ONLINE BROCHURE: A multi-page site that quickly sums up the business and what you’re offering.
Just like a print brochure, this website tells you the essentials about a business and what they have to offer in a clear and concise way. If you want to show your expertise and experience, have a variety of services, and are primarily focused on gathering prospective client leads or custom goods with an offline ordering process, this can be a good fit.
Even though you can have unlimited pages on your website, I often recommend keeping your content as simple as you can. Just like a print brochure has limited space to get your point across, a website also needs to be brief and to-the-point in order to keep your visitor’s interest. A small business with a well-defined target market and services will often need no more than 4-6 pages on their site. Depending on the business you’re in, you may want a portfolio or a blog to be one of those pages so you can showcase your work and your knowledge… which also dovetails into our next objective.
ONLINE PUBLISHING: A place to publish online content that you create, like blogs or videos.
If you are a writer or content creator, you may want the ability to publish your work on a website that you own. Even if you also publish your content elsewhere, your website is a place to keep everything under one roof. That way if people want to learn more about you or your work, you have one web address to give them rather than a bucketful of links. (“Here’s my youtube, here’s my Instagram, here’s an article I wrote for Forbes, this is my Facebook page and oh I sometimes publish articles on LinkedIN…”) That way when you share content that uses your URL, the web traffic leads back to you and you can capture information about your site visitors (via signup forms or tracking cookies) so you can remarket to them later.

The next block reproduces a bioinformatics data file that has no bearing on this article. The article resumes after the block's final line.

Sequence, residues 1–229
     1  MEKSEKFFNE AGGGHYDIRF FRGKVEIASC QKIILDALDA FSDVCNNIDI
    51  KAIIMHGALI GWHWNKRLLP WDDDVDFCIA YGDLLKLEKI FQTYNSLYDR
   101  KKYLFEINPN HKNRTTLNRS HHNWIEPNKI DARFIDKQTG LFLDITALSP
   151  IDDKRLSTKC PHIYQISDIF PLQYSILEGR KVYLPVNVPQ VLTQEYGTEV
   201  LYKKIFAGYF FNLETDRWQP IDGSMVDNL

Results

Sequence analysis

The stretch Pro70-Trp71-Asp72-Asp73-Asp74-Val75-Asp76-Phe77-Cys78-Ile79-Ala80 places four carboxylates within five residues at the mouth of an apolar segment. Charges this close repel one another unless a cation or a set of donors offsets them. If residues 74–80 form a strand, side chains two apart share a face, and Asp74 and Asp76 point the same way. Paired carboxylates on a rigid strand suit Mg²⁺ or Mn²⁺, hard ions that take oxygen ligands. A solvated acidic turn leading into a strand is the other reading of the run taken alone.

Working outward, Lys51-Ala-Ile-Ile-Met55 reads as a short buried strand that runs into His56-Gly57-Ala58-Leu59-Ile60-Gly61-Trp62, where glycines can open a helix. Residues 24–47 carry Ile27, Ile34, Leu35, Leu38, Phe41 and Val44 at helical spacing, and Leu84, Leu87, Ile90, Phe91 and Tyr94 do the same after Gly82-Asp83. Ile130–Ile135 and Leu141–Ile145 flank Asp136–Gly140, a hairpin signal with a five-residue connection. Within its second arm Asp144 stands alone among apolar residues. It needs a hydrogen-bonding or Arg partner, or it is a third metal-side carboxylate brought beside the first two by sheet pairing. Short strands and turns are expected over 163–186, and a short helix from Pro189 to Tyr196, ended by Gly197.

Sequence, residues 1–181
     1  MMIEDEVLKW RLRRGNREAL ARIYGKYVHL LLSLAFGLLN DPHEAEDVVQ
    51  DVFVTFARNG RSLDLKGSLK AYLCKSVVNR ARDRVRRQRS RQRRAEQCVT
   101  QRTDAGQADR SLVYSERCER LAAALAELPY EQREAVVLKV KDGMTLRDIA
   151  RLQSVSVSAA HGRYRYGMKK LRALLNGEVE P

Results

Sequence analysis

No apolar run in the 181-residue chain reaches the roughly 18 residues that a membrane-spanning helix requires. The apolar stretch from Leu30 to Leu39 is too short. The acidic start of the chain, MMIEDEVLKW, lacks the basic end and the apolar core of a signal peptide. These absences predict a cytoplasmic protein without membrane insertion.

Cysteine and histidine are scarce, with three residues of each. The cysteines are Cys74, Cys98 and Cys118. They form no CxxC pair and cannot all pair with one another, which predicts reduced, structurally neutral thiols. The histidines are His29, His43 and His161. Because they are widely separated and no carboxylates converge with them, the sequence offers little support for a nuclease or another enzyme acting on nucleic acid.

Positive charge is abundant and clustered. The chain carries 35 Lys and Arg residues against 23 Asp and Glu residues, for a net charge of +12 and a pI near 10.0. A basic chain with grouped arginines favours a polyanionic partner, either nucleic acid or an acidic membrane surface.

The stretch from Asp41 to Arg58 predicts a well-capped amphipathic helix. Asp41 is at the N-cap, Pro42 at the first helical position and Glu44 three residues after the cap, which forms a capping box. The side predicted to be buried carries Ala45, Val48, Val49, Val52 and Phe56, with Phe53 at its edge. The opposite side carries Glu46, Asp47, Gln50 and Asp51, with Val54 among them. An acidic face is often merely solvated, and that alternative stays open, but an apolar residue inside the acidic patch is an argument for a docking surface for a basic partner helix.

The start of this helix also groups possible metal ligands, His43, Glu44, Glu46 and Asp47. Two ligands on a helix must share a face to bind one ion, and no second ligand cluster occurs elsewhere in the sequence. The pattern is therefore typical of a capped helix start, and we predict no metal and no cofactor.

ONLINE STORE: A place for people to not only learn about your products, but to actually buy them online.
If you’re planning on selling goods or services online, there’s a bit more legwork involved to set up your e-commerce platform (or at the very least, an online payment processor). If you’re selling physical products, or even downloadable items, you’ll need to figure out how you’re going to fulfill orders or securely deliver digital goods. These websites require the highest level of security and investment in your site infrastructure, which is why many startup small businesses choose a standalone storefront somewhere else like etsy or cafepress, rather than hosting their own e-commerce website.